Groundbreaking DNA Study Reveals Importance Of Flies

Scientists participating in an international research project have for the first time examined the tiny environmental DNA ‘footprints’ of insects to gather information on their activities and the state of biodiversity.

Biologists from the University of Copenhagen, Denmark, the British Wellcome Sanger Institute and other institutions are optimistic that their findings could provide new insight into how to protect crops and insect populations against threats like climate change.

The research team’s investigation is regarded as the first time DNA data were used alongside visual observations.

It took place as part of the multinational BEESPOKE project. Involving researchers and decision-makers from seven North Sea Region countries, the EUR 4.8 million (GBP 4.2 million) funded initiative aims at developing new products and achieving an increase in pollinator diversity.

The scientists compared the variety of insects using the genetic method together with visual observation in four apple orchards in Denmark which featured between seven and 20 trees each.

They managed to identify several pest species and discovered how profoundly important solitary non-bee pollinators like flies (Diptera) really are. Their impact on pollination has been underestimated, according to the BEESPOKE scientists.

Illustrative image of a bee on flower, undated. Scientists participating in an international research project have for the first time examined the tiny environmental DNA ‘footprints’ of insects to gather information on their activities and the state of biodiversity. (NewsX/Bee)

Nerea Gamonal Gomez is a biologist and entomologist at Copenhagen University and the study’s first author.

She said: “A high level of insect biodiversity protects an environment against certain threats, therefore monitoring these levels is necessary to see if and when intervention is needed.

“Our study showed that eDNA adds a lot of value when compared to visual collecting techniques. This isn’t to say that a visual census is unnecessary. In fact, having an understanding of the insects in an area from observational techniques can provide prior knowledge of the specific community being assessed, making it a valuable complementary tool.”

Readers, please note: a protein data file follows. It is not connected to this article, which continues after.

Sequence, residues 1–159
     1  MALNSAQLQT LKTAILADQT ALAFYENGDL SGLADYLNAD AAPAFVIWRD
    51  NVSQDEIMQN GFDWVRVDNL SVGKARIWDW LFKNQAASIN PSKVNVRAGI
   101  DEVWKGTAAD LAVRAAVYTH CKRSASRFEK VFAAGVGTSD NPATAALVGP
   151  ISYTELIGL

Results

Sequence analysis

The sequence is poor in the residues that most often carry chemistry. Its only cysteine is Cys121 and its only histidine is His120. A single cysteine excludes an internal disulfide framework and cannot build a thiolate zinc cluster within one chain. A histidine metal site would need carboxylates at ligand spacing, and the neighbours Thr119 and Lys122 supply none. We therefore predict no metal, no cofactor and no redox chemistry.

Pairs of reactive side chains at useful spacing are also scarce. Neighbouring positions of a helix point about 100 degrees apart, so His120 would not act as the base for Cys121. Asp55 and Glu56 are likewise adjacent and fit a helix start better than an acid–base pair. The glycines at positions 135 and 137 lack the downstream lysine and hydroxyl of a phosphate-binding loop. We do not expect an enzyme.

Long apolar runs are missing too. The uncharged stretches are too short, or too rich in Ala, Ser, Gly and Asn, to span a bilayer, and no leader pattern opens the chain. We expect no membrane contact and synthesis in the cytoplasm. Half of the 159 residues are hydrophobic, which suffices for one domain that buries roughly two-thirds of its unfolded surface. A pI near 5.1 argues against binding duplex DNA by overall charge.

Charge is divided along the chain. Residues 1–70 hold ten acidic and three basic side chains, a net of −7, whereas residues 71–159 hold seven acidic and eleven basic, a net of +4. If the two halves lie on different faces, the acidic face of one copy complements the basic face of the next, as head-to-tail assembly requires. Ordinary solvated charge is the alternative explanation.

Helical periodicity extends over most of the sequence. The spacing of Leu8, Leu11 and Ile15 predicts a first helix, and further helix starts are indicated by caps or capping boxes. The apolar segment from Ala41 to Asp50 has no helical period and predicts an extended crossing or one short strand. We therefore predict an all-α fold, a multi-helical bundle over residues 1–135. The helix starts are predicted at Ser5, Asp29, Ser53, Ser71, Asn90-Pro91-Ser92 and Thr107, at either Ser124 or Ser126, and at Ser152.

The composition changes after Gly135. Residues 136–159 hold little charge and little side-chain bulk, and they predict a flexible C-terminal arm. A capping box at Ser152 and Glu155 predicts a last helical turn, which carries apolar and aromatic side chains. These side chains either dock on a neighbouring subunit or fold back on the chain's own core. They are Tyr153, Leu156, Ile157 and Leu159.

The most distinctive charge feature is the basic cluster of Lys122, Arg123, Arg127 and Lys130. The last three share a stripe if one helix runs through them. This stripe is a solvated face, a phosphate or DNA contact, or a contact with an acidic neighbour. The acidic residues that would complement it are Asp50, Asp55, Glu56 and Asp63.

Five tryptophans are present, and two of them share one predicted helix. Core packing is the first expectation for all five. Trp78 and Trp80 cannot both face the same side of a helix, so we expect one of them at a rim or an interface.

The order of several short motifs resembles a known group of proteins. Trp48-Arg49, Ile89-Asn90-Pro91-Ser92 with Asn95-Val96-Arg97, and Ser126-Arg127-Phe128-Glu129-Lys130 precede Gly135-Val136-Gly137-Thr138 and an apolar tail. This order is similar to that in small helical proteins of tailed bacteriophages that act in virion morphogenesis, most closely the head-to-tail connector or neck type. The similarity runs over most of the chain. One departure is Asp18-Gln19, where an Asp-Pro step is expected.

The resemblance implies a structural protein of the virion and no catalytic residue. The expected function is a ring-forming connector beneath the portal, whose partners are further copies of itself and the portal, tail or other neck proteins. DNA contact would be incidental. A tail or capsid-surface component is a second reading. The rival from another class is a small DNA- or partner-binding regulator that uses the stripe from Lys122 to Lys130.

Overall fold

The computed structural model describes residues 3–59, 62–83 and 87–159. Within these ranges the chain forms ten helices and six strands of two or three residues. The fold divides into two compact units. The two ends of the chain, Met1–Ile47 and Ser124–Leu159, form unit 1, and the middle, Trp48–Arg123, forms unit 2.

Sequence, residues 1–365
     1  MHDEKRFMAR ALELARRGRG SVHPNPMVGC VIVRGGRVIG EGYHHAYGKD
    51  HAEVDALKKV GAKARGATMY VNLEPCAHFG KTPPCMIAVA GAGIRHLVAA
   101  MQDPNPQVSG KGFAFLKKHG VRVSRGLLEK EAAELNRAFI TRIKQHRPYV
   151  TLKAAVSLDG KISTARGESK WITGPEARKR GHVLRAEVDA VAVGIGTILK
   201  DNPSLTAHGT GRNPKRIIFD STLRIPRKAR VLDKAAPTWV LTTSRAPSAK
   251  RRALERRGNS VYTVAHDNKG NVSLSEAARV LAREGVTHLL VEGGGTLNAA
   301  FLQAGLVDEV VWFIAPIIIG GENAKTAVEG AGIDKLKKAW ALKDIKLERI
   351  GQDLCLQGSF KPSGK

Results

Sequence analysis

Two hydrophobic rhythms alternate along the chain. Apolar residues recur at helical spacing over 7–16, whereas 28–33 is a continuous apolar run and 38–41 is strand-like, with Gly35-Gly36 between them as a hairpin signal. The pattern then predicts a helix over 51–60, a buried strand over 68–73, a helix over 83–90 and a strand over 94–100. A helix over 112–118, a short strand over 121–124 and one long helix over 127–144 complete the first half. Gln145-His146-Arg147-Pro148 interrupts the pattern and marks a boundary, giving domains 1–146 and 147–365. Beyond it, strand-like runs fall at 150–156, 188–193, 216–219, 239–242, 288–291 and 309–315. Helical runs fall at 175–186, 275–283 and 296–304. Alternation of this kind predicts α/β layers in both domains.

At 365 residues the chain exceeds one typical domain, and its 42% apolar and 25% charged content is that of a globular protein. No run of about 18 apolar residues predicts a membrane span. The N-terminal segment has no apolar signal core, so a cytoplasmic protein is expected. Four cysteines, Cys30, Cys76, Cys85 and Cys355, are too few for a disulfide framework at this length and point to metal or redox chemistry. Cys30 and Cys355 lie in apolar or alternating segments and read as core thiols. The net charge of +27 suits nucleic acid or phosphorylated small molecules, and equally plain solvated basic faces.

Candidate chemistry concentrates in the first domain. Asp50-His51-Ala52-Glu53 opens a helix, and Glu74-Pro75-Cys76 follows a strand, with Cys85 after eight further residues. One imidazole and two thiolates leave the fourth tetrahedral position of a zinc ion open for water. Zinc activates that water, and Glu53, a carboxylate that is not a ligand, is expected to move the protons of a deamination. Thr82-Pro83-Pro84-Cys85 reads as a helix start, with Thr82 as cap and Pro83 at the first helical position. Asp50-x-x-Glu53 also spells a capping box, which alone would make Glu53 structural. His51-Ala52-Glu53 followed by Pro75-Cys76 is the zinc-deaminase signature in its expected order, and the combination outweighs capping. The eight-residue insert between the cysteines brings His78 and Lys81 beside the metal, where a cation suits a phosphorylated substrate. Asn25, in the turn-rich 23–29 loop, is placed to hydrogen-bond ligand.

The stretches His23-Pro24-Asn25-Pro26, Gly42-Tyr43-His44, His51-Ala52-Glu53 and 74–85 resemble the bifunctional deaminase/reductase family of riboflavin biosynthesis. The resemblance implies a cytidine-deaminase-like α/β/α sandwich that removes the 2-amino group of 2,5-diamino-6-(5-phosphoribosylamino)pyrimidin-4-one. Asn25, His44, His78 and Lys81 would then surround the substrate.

University of Copenhagen laboratory technician Didde Hedegaard Sorensen also participated in the research. She explained: “Our study details the techniques used to extract environmental DNA left on apple flowers and we hope that it encourages the use of eDNA in future research.”

Copenhagen University’s Organismal Biology Professor Lene Sigsgaard emphasised: “The exciting thing about this study is that it can have an immediate, real-world impact on agricultural systems. The results and techniques in our study can be used to inform management practices such as the type of pest control used, the orchard design, and what additional floral resources surround the crops.”

Prof Sigsgaard added: “With more knowledge of the pollinators in apples and other crops, we can begin to provide tailormade flower mixes for individual crops and improve our knowledge on the value of the surrounding landscape for wild pollinators.”

Dr Physilia Chua from the Wellcome Sanger Institute in Hinxton near Cambridge, United Kingdom, said the results of the scientific examination “can assist farmers in managing their crops against the rising threats of reduced pollinators.”

Environmental DNA could be used to investigate the biodiversity in agricultural landscapes beyond apple orchards, she claimed.

Dr Chua said the procedure was “a fast and non-invasive way to gain more knowledge about the world around us.”

She concluded: “We hope this research can help our society become as environmentally friendly as possible, protecting our biodiversity, food sources and livelihoods.”

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